The New York Times
By John McWhorter — June 22, 2023
Reparations Should Be an End, Not a Beginning
For a long while, reparations for Black Americans has been more a debate topic than a reality. But of late, the reality may be catching up with the debate. Since last year, Evanston, Ill., has been granting $25,000 payments to be applied to housing to Black people and their descendants who were discriminated against during the redlining era.
This year, the program has been extended to enable grantees to take simple cash payments. In San Francisco, a task force has suggested that eligible Black people receive onetime payments of $5,000,000 each; a statewide task force has proposed a somewhat more modest plan with a sliding scale of payments topping out at $1.2 million. The New York State Legislature has passed a bill that would create its own commission to consider reparations, and there will doubtless be more such proposals nationwide.
I’ve never been a fan of the idea of reparations. I know that various groups of Americans have been granted reparations in the past, such as the descendants of Japanese Americans placed in internment camps during World War II. And I certainly believe that Black Americans have deserved reparations. It’s more that I have questioned the idea of what I would regard as new reparations. I see us as having already been granted reparations on multiple occasions.
Affirmative action can be seen as an enormous reparations policy, although the term is rarely used in that context. In the late 1960s, welfare payments were made easier to receive and maintain at the behest of organizations such as the National Welfare Rights Organization, in what we would now call reparation for past injustices. The Community Reinvestment Act of 1977, if we rolled the dice again, could well have been called a “Reparation Act,” linking banks’ requests for mergers and new branches to their assisting the credit eligibility of people in lower-income neighborhoods.
And there are, of course, thorny questions that prevail in any discussion of reparations: If payments are to be made to individuals, what would qualify a person as Black and discriminated against? (William Darity Jr. and A. Kirsten Mullen’s “From Here to Equality” has a proposal for this.) If payments are to organizations, which ones could we designate as best for Black people and on what basis? (The pioneer analyst of the subject, Boris Bittker, raised this question decades ago.)
But one does not wish to ossify. I’m not interested in contrarianism for its own sake; I seek what is good for Black people. And if 77 percent of Black people approve of something — as a recent Pew poll suggested — I had better have solid grounds to oppose it.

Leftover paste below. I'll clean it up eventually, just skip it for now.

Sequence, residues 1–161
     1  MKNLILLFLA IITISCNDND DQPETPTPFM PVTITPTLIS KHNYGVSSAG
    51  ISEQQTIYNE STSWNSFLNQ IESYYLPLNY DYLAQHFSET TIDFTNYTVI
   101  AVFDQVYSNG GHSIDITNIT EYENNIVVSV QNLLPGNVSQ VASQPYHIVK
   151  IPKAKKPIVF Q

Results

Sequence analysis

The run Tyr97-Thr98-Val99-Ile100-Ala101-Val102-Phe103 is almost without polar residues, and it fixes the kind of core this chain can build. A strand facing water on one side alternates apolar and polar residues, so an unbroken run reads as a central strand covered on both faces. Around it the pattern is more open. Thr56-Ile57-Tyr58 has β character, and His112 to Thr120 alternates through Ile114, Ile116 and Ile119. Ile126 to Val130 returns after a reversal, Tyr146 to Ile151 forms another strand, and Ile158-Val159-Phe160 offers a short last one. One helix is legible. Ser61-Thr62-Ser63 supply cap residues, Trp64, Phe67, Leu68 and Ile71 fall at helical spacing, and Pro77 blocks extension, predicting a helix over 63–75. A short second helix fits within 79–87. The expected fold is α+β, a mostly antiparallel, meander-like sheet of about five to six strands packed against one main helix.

If your opinions never evolve, you’re either not paying attention or not genuinely interested. One example: School vouchers looked very promising for Black kids 20 years ago, and I used to speak up for them despite it making me seem as though I were a Republican. But they do not seem to have had much effect on achievement in the long run, and my enthusiasm has decreased. There’s a reason I haven’t devoted a newsletter to vouchers lately.
Opposition to reparations would make sense if they were actively harmful — for instance, by encouraging a sense of dependence or entitlement — but that seems unlikely of a one-time dispersal. It would also make sense to oppose reparations if the funds seemed likely to go to waste, such as those given with insufficient directives as to what they were to be used for. But the most common idea now, largely sparked by Ta-Nehisi Coates’s landmark 2014 article in The Atlantic, is to focus on housing assistance specifically to compensate for the redlining era, decades in which residents of “Black” neighborhoods were denied mortgages, insurance and other benefits that lead to homeownership.
This newer focus is different from simply sending a check in the mail for racial injustices writ large that were suffered in a distant past. Redlining was not all that long ago. It played a major role in the wealth gap that exists between white and Black people today. And being able to afford better-quality housing would be of concrete and immediate benefit to Black people, enabling them to escape many of the manifestations of inequity based on race.
So I am open to experiments with this new conception of reparations. I could imagine supporting them with articles, talks, podcast appearances and the like. But I would do so only under an impression of a general consensus that these reparations would also offer a form of closure, a signature turning of the corner in American race relations.
Brilliant work by Black intellectuals such as Barbara Fields and Adolph and Touré Reed has long argued that fixing today’s America will require a focus on class rather than race. After reparations, it would be time to stop sidelining this work. Racism and inequity would not disappear. Policies that address those issues and help Black people succeed would of course continue, but they would focus less on race than on specific economic needs, such as fostering jobs that don’t require a college degree, giving preferences in admissions and hiring based on socioeconomics, rethinking the War on Drugs and teaching reading via the phonics method that science has demonstrated to be the strongest tool.
In a scenario such as this one, reparations would serve not only as a compensation for past injustice but also as the start of a new, class-based orientation toward the nation’s progress on race. Is such a compromise possible, as opposed to a continuation of the mantra that “America doesn’t want to talk about race”? I have my doubts. But I would be happy to be proved wrong.